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Corporate Lending Recovers after Slump Caused by russian Invasion, Retail Lending Rises across Segments – Banking Sector Review

Corporate Lending Recovers after Slump Caused by russian Invasion, Retail Lending Rises across Segments – Banking Sector Review

The banks increased their net hryvnia corporate loan portfolio for the first time since Q3 2022. The growth in consumer loans continued for the second straight quarter. These are the takeaways from the Q3 2023 Banking Sector Review.

According to the report, the net hryvnia corporate loan portfolio grew in October for the fourth month in a row after the slump caused by russia’s full-scale invasion of Ukraine. The share of SMEs in this portfolio rose to 55%.

The net hryvnia retail loan portfolio continued to increase, primarily thanks to the revival of card-based lending. Net mortgages also increased in Q3, by 18.7% qoq, thanks to the issuing of mortgages under the eOselia program.

The banks had three straight quarters of almost no credit losses. The NPL ratio shrank due to write-offs of retail NPLs and because certain large corporate loans were reclassified as performing.

The share of client deposits – the major source of funding for the banks – grew for the fourth quarter running. In general, all of the banks increasingly ramped up their volumes of hryvnia deposits. The still attractive deposit rates helped increase hryvnia retail term deposits further, albeit at a progressively slower pace.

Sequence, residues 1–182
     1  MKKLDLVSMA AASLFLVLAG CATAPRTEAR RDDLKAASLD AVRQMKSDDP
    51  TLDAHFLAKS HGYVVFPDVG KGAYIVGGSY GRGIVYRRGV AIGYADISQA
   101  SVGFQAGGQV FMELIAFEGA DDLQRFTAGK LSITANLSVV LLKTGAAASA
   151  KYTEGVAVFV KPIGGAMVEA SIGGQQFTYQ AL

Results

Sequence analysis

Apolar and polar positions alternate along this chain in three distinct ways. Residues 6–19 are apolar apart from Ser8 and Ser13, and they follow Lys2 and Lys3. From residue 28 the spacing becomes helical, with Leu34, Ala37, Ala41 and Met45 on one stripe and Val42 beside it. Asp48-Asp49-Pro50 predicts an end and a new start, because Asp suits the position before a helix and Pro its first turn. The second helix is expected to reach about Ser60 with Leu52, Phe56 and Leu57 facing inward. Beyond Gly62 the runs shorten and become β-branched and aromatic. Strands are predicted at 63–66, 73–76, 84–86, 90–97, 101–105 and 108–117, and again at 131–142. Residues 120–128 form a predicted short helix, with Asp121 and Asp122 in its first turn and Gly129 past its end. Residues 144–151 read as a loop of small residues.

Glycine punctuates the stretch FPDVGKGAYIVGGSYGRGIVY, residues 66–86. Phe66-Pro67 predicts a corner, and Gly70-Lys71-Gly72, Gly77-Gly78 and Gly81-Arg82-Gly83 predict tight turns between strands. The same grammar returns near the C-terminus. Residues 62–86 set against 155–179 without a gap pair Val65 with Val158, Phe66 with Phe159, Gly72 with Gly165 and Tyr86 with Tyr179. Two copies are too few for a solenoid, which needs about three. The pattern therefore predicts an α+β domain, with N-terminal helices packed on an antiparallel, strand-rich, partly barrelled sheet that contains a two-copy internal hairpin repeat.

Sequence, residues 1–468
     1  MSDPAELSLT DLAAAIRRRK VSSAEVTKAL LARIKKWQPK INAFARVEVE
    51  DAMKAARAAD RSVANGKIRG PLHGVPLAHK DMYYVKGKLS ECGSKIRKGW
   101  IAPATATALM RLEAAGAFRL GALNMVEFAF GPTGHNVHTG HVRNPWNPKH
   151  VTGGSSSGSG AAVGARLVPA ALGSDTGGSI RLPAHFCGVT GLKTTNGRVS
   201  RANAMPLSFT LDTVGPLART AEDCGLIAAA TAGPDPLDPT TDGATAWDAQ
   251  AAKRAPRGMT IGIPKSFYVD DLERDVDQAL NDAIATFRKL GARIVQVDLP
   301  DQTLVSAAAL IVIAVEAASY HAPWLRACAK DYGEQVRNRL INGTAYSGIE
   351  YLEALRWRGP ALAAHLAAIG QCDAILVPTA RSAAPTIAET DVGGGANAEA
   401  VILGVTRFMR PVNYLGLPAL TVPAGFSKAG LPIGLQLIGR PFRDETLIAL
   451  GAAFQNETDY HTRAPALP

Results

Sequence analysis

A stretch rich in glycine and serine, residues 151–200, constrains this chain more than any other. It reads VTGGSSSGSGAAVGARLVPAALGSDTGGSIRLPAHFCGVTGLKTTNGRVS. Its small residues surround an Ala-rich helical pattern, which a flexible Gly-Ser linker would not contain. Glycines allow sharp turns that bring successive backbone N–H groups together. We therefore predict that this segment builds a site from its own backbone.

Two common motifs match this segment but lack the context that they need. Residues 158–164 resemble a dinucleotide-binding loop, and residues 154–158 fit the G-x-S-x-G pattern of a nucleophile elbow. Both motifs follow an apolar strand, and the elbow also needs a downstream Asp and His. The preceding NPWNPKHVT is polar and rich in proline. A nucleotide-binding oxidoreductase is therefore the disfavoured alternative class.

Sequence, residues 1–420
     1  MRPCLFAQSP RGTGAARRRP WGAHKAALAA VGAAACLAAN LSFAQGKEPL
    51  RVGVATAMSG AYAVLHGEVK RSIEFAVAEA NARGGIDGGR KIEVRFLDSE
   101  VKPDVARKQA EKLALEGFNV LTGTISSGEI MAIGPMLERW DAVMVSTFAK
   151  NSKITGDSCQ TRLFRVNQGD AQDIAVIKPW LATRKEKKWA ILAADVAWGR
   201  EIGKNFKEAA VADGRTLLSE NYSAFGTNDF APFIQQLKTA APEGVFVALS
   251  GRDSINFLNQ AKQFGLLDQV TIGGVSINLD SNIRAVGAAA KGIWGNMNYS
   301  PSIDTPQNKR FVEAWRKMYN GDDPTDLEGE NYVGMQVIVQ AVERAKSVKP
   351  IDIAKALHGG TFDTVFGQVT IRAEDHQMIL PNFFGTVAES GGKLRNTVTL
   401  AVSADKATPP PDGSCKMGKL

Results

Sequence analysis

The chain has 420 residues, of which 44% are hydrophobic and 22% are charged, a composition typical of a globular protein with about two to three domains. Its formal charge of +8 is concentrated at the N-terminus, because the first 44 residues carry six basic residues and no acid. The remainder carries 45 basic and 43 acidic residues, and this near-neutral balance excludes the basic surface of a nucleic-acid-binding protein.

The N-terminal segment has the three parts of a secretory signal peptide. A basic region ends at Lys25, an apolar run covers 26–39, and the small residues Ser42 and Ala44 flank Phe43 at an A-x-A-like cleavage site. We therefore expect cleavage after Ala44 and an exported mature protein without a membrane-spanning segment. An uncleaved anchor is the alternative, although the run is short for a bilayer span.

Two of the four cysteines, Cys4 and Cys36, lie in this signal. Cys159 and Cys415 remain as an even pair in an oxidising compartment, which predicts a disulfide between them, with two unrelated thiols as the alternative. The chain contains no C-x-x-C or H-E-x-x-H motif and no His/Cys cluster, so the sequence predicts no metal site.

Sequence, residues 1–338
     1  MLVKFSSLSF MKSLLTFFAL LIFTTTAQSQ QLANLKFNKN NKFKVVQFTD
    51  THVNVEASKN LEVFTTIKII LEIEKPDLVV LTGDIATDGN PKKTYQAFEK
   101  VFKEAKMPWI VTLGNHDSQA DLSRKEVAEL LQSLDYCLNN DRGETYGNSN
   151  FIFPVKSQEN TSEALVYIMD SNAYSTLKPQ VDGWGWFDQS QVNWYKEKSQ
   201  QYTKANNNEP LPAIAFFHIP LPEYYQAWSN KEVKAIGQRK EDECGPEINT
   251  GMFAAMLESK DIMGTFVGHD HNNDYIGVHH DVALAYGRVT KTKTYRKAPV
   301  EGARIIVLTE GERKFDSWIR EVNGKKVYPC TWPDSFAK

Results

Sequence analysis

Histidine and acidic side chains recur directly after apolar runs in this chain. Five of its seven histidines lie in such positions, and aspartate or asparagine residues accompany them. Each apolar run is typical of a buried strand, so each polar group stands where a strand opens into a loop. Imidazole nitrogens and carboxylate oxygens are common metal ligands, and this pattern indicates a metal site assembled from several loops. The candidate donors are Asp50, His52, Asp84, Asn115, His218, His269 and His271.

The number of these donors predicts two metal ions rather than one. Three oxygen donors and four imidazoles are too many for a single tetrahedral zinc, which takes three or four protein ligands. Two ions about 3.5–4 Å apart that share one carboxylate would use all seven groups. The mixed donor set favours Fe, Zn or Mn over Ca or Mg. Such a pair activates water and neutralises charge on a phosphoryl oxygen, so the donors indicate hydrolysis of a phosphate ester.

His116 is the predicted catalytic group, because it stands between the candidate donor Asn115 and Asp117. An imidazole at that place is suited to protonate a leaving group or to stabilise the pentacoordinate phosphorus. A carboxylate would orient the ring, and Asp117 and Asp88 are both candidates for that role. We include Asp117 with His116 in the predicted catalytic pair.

Although the NBU reduced its key policy rate, higher rates on NBU-issued three-month certificates of deposit and tighter reserve requirements for demand deposits continued to motivate the banks to raise retail term deposits. As a result, the decline in deposit rates due to the key policy rate cuts occurred slowly.

The banks retained their high operational efficiency and kept their provisioning costs at a minimum, and so the sector’s profitability continued to rise. Only seven, primarily small, banks came out as loss-making in Q3 (down from 15 in the prior quarter).

The preliminary results of this year’s resilience assessment of the banks are optimistic: only a few institutions may face a moderate need for capital. Most banks have a sufficient capital cushion to comfortably meet new regulatory requirements, despite the expected imposition of an additional tax on bank profits.

To ensure further sustainable development, the banks need to incorporate in their business strategies the results of the resilience assessment and the planned implementation of regulatory requirements. The banks should also update their business strategies where viable.

“We have been seeing a clear trend towards the recovery of corporate lending,” said NBU First Deputy Governor Kateryna Rozhkova. “So far, corporate lending has primarily been driven by the Affordable Loans 5–7–9% program. At the same time, some of the large foreign-owned banks have demonstrated portfolio growth outside the program. This comes as a positive signal that market-driven lending is possible even amid a full-scale war.”

For reference

The loans and deposits data published in the Banking Sector Review differ from the corresponding information posted in the Monetary Statistics section of the NBU’s official website, because the former:

  • contain data on the banks that were solvent as of the reporting date unless indicated otherwise
  • include data from bank branches operating abroad
  • contain data on deposits in other resident and nonresident banks
  • have been adjusted for loan loss provisions unless indicated otherwise
  • contain data on personal certificates of deposit unless indicated otherwise
  • contain information on nonresident clients.
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